The top 20 percent of teachers in each district were identified using each district’s own “value added” measure.  They were offered a $20,000 bonus to switch, paid out over a two-year period. (Effective teachers already in those schools got $10,000).

Of 1,500 eligible teachers, only 81 decided to transfer to qualify for bonuses.

Tranferring teachers were more likely than colleagues to stay at their new schools during the two years when bonuses were paid. After that, they left at the same rate as other teachers.

Students in high-poverty, low-performing schools are much less likely to be taught by experienced and highly effective teachers, say advocates. But it’s not clear whether a teacher who’s effective with easy-to-teach students will be effective with high-risk students.

A different study last year also found teacher effectiveness is transferable, writes Sawchuk.

Parents back teachers, reforms

Parents believe teachers are doing a good job, but they also strongly support teacher-quality reforms, according to a new Joyce Foundation survey on parents’ attitudes on the quality of education.

While those surveyed said teachers  should be supported and paid more, they also wanted to use multiple measures, including student achievement growth, in teacher evaluation, compensation, and lay-off decisions. Parents also want “to remove ineffective teachers from the classroom and provide financial rewards to help teachers succeed.”

While only half of the parents say they’re familiar with Common Core standards, they overwhelmingly believe the new standards will improve education, the survey found.

Minority and low-income parents are more likely to see serious problems in their schools—from low expectations to bullying to out-of-date technology and textbooks—than those who are affluent or white,”  Ed Week notes.

Tech college funding tied to earnings

Texas technical colleges, which specialize in job training, will be funded based on graduates’ earnings rather than enrollment, starting Sept. 1. The “value-added accountability funding formula” analyzes the difference between graduates’ income five years after graduating and the minimum wage.

Indiana rethinks A-F school grades

Indiana lawmakers want education officials to rewrite the A-F grading system for schools to reflect both students’ passing rate and progress — without comparing students to each other, reports StateImpact Indiana.

Critics say the system is too complex. (Indiana’s system is the most rudimentary scoring system I’ve seen yet, writes Matthew DiCarlo on Shanker Blog.) Others say Indiana needs to use value-added data — which is quite complex — to factor out poverty effects.

Eight AP Statistics students at an Indianapolis high school came up with their own A-F rewrite for the high school model, which they presented to three state lawmakers, a representative of the state superintendent and school officials.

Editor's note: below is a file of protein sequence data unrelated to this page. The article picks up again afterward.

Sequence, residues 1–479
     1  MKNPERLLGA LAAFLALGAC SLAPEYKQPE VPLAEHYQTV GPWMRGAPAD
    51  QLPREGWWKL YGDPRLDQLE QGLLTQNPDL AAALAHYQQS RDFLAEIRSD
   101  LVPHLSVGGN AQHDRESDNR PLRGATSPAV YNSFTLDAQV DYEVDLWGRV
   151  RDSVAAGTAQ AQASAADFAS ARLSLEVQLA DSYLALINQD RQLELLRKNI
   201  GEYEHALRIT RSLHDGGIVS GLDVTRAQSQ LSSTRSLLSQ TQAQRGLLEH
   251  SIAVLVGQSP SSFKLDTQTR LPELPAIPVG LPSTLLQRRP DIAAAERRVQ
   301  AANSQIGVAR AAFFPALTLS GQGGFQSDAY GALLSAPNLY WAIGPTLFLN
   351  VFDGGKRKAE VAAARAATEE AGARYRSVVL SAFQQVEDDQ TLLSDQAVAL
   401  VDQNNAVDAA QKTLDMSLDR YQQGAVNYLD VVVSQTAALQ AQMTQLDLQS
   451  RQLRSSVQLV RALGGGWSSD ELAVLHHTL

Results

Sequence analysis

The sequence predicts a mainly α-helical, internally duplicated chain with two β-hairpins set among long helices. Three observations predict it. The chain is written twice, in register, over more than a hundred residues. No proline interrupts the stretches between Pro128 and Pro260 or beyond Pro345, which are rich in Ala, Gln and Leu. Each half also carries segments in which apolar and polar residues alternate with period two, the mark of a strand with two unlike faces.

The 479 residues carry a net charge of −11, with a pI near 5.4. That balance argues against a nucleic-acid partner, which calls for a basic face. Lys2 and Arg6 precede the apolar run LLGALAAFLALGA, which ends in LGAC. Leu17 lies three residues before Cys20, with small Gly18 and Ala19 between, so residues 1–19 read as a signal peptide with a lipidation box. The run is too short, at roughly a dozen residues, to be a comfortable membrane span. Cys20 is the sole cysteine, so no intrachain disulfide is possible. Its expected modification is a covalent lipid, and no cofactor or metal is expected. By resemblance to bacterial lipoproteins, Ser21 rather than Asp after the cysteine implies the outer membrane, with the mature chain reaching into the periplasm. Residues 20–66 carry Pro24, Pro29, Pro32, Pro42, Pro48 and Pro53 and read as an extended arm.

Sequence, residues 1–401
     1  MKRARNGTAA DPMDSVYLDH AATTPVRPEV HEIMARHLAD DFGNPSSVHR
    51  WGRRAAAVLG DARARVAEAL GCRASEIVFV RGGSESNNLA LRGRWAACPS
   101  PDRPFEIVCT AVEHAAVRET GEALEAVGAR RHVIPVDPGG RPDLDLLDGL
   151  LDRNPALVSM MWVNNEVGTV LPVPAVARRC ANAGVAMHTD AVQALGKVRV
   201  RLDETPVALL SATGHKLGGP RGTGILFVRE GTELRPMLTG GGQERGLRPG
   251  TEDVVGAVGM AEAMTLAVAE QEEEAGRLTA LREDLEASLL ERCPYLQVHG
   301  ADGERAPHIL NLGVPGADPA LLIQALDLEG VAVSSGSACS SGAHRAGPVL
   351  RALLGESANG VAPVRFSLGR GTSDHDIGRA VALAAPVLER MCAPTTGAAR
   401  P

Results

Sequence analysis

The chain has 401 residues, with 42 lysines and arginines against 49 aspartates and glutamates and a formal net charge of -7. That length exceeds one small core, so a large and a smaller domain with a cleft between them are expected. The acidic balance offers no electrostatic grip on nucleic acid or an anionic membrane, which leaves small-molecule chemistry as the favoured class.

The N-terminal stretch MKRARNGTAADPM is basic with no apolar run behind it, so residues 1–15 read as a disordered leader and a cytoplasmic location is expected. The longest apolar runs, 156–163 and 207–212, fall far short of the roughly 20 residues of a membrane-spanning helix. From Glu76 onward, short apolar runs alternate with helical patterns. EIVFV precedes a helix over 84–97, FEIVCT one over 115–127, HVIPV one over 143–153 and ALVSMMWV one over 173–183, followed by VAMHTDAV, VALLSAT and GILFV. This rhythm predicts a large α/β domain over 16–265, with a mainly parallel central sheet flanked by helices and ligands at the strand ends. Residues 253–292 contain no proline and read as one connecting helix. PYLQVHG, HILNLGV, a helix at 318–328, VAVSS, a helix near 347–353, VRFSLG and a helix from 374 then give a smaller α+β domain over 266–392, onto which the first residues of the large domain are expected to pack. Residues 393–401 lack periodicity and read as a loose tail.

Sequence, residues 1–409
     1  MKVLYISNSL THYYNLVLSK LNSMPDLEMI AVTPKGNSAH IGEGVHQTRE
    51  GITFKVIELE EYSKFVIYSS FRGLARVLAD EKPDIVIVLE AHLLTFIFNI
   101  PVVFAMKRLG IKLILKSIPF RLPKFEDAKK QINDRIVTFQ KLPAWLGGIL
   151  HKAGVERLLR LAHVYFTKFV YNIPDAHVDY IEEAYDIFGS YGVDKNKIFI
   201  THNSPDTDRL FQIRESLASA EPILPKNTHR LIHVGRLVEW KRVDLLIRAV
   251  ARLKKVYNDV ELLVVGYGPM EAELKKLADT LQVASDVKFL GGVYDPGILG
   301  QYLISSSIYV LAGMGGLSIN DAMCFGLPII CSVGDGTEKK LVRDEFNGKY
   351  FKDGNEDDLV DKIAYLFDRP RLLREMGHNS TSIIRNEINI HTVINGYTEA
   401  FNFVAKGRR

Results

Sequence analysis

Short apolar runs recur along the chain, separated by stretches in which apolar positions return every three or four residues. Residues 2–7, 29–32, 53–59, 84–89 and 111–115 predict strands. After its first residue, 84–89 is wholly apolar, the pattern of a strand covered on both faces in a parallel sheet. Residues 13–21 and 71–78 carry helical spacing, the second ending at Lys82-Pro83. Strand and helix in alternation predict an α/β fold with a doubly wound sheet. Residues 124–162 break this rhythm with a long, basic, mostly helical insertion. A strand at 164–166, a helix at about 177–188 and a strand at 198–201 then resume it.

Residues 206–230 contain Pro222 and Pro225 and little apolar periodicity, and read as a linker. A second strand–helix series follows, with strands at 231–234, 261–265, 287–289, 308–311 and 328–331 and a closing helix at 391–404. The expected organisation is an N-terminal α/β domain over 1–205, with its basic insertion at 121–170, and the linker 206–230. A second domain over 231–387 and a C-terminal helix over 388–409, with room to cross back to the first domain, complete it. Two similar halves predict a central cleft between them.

Currently, 60 percent of a high school grade comes the percentage of 10th graders who’ve passed end-of -course exams in Algebra I and English 10, with another 30 percent derived from the four-year graduation rate. That leaves 10 percent for a “College and Career Readiness” measure: 25 percent or more of students must earn passing scores on Advanced Placement or International Baccalaureate tests, earn three or more college credits or earn a career certification.

The Ben Davis High School students suggested decreasing the importance of the end-of-course exam pass rate, which correlate strongly with graduation rates. They’d make the readiness metric 30 percent of the school’s grade and include a measure of students’ improvement in high school. They also want to adjust the grades for students’ poverty — somehow.

House Education Committee Chair Bob Behning, R-Indianapolis, suggested looking at the percentage of graduates who need remedial courses in college.

Teacher: We can help low-income students

Tennessee is offering $7,000 bonuses to high-performing teachers who work for two years in one of the state’s 83 chronically low-performing schools, reports the Commercial Appeal.

“These teachers will not be able to make a substantial difference in these communities, which have economic deprivation, massive poverty and are disconnected from the fiber of society,” says Keith Williams, president of the Memphis Education Association.

It’s difficult to teach students who live in poverty, but teachers can make a difference, writes Casie Jones, who teaches expelled or recently jailed students in an alternative program in Memphis.

My students struggle with poor attendance, behavioral issues, emotional challenges, and below-grade reading levels. Many students enter my classroom with failing grades and apathetic attitudes toward school.

However, I make contact with parents and demonstrate to students that I care about them personally, and this year I have even seen a drastic reduction in discipline referrals in my classroom. I also watched my seniors create four-page research papers after saying they couldn’t do it. Now, many of them are graduating when they thought they’d already missed their last chance.

More than half the class scored proficient or higher. That is a “substantial difference,” she writes.

Students, teachers, and administrators cannot use poverty as an excuse. We have to see through it and teach students how to maneuver around their obstacles. Our optimism becomes their hope.

Teachers who respect their students will earn their students respect, Jones writes. In her classroom, “the economic and racial barriers are down because we chose to take them down.”

Jones’ work was cited by Tennessee Commissioner of Education Kevin Huffman in a Commercial Appeal commentary responding to Williams’ lack of enthusiasm for the bonus program. “Children in poverty can achieve at high levels when we adults give them the opportunities they deserve,” Huffman wrote.

Teachers will lose all but $2,000 of the bonus if their value-added scores fall at a low-performing school, notes Gary Rubinstein in Huffman vs. Straw Man.